Healthcare providers have gotten some balance sheet relief thanks to a greater number of paying patients over the past couple of years. But bankruptcy filings suggest the industry has recovered more slowly than the improving economy would suggest.
It's not the Affordable Care Act by itself that's pushing healthcare providers into bankruptcy, but a combination of forces including litigation, payment delays and even bad merger agreements.
“In the general U.S. economy, distress has dropped off 60% to 65%,” said Bobby Guy, a Nashville-based healthcare attorney at law firm Polsinelli. “In healthcare, it has gone up.”
Polsinelli conducted an analysis of healthcare providers in distress, using Chapter 11 filings for healthcare services firms with more than $1 million in assets. The analysis included 83 organizations.
The firm expected to see reimbursement and delivery system changes as the top reasons for bankruptcy, but was surprised when tort litigation topped the list, which is mentioned in 24.1% of filings. Payment delays came in second and were cited in 21.7% of filings.
“We did not see the Affordable Care Act being mentioned very much,” Guy said. “It was often issues that snuck up on companies or a convergence of factors.”
The larger-than-expected number of tort litigation-related filings was driven by a group of cases involving skilled-nursing providers in California, Guy said. Still, the causes providers cited for their Chapter 11 filings remained fairly consistent, clustering around eight reasons.
The ranking “might change year on year but we think it's reasonably representative of the issues that companies are facing right now,” Guy said.
Moreover, the vast majority of filings, or 77.8%, cited more than one cause for distress. More than a quarter of filings cited four reasons. For instance, three-quarters of filings that cited tort litigation also pointed to the high cost of liability or malpractice insurance.
And most of the healthcare services companies that blamed reimbursement changes also cited competition and the rapidly changing healthcare environment as factors.
About a third of Chapter 11 filings were from the South, from Virginia to Texas, while another 26.5% were from Arizona, California, Colorado, Nevada, New Mexico and Utah.
For hospitals in particular, there are signs that the operating environment is getting more challenging, rather than improving. There were seven groups of filings involving hospitals in 2014, compared to at least nine in the first eight months of this year, Guy said.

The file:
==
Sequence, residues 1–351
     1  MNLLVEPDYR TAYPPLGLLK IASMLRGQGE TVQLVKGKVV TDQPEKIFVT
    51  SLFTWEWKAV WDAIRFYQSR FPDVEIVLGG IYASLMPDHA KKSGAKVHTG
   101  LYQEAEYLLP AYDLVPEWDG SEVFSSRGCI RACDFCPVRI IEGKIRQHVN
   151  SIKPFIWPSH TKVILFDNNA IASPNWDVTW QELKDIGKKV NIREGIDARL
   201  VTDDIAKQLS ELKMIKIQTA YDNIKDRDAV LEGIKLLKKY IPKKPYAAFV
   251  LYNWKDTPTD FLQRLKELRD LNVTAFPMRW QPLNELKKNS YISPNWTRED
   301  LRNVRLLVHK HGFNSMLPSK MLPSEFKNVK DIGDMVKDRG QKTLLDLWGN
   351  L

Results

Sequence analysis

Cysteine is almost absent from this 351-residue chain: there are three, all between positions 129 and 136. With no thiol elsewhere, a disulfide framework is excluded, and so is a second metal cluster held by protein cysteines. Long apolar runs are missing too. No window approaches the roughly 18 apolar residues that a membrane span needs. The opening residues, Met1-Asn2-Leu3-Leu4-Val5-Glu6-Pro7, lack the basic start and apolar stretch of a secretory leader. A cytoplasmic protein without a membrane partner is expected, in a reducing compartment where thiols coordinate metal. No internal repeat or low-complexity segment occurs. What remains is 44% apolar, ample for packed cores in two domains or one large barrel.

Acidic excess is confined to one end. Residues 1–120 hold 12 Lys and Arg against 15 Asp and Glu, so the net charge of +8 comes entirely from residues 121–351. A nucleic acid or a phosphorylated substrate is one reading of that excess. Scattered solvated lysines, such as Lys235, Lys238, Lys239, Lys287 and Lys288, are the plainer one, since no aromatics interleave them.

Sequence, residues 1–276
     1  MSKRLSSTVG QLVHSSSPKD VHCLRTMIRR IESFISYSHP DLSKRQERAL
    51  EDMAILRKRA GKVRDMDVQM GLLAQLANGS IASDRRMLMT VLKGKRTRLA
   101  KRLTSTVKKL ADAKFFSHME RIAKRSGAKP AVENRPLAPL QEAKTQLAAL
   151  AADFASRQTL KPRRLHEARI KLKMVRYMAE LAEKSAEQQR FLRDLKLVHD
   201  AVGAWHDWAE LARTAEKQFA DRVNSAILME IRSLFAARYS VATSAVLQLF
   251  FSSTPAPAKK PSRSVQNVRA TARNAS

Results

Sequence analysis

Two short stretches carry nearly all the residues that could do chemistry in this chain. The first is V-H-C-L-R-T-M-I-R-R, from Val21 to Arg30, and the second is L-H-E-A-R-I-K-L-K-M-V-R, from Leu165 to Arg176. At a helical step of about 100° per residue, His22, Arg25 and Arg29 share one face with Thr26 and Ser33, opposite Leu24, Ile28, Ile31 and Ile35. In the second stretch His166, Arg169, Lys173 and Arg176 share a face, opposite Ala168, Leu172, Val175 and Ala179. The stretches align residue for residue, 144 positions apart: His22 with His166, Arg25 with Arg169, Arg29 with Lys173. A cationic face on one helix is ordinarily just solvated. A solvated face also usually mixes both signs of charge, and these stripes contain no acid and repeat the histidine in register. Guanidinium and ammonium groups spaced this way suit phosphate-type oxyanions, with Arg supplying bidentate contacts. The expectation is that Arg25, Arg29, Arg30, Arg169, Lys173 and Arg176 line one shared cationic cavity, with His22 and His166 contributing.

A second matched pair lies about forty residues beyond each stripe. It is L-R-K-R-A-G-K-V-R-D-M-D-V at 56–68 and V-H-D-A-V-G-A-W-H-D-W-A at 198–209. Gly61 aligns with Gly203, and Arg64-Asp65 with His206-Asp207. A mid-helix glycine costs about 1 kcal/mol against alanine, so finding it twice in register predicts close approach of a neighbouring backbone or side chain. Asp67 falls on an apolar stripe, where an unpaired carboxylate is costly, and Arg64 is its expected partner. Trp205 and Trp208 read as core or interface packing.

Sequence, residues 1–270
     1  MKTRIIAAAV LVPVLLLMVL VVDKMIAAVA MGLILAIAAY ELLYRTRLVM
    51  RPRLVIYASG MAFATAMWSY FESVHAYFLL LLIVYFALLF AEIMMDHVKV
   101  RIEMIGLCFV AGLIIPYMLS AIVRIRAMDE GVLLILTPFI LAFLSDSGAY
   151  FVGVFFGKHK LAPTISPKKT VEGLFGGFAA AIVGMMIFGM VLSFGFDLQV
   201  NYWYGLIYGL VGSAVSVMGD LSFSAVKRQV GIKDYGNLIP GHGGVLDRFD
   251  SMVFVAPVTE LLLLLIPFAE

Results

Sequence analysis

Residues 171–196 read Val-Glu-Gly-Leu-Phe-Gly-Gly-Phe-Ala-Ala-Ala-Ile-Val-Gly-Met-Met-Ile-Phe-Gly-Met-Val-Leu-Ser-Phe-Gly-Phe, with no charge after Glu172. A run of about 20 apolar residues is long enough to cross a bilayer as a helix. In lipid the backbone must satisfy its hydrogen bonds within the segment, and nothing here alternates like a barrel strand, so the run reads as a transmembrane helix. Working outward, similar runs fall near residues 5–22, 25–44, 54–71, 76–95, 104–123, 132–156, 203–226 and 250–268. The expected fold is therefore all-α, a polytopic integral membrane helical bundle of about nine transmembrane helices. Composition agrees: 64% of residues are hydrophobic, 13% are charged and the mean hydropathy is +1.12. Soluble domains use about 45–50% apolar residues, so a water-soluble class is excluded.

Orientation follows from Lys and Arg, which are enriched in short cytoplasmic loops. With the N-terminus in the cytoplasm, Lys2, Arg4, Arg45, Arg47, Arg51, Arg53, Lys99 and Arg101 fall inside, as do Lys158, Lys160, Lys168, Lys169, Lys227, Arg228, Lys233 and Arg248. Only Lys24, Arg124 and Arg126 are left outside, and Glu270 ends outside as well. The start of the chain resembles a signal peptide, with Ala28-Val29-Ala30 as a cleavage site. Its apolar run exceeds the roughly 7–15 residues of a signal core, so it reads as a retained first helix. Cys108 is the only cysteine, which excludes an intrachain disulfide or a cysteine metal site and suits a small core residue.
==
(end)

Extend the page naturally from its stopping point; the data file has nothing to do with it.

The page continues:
While the overall economy can have an effect on hospitals, it's not the main driver of a hospital's financial health, said Mark Claster, a partner at Carl Marks Advisors, a restructuring and reorganization firm.
“Reimbursement rates have compressed, and they've compressed dramatically,” he said. “There's a ripple effect. You don't have enough capital to expand. Hospitals have a lot of debt they've taken on to pay for capital projects.”
Even as revenue is being squeezed, the cost structure continues to create challenges for providers, said Daniel Bleck, a bankruptcy attorney at Mintz Levin. Salary and benefit costs continue to rise, particularly for rural providers that need to put together attractive compensation packages to attract physicians. And capital expenditures are being deferred.
“Generally what we're seeing is inadequate reimbursement rates from the payers,” Bleck said. “It's a similar story we've heard in the past … decreasing inpatient volume (and) pressure on wages.”
Hospitals also need to do a better job of managing point-of-service collections as patients shoulder more cost-sharing under high-deductible plans. “And they're not doing that effectively,” Bleck said.
Moreover, hospitals are facing greater competition from both traditional and nontraditional providers, particularly in ambulatory settings, and are struggling to build or buy the necessary infrastructure.
Healthcare providers are growing fast, but bad mergers and overexpansion can create their own challenges, appearing as a factor in 20.5% of Chapter 11 filings.
One organization in Polsinelli's analysis was forced to file for bankruptcy after running out of money on a construction project. “There's a warning story of the dangers of expanding too fast,” Guy said. “It was eye-opening to see how construction delays could cause an entire business to fail.”
Still, many providers facing the prospect of bankruptcy see a merger or takeover as their best option, especially in a seller's market.
“If you're out there alone, and you haven't taken steps to relieve those issues, then you're in trouble,” Claster said.